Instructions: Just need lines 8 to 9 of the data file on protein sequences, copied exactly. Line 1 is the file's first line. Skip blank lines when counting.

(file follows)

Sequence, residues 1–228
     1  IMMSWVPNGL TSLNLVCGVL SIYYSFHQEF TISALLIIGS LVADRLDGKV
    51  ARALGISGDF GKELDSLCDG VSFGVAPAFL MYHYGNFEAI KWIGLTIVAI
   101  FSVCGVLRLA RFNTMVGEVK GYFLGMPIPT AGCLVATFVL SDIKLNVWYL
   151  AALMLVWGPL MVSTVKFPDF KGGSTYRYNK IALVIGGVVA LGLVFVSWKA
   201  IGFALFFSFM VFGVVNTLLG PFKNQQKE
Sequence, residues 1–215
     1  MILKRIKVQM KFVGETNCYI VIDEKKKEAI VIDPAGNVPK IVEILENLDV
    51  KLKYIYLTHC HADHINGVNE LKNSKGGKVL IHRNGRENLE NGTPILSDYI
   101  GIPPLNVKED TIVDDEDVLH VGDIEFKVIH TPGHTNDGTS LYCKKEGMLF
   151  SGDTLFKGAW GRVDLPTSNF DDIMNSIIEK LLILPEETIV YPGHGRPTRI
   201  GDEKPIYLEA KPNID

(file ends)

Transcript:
     1  MILKRIKVQM KFVGETNCYI VIDEKKKEAI VIDPAGNVPK IVEILENLDV
    51  KLKYIYLTHC HADHINGVNE LKNSKGGKVL IHRNGRENLE NGTPILSDYI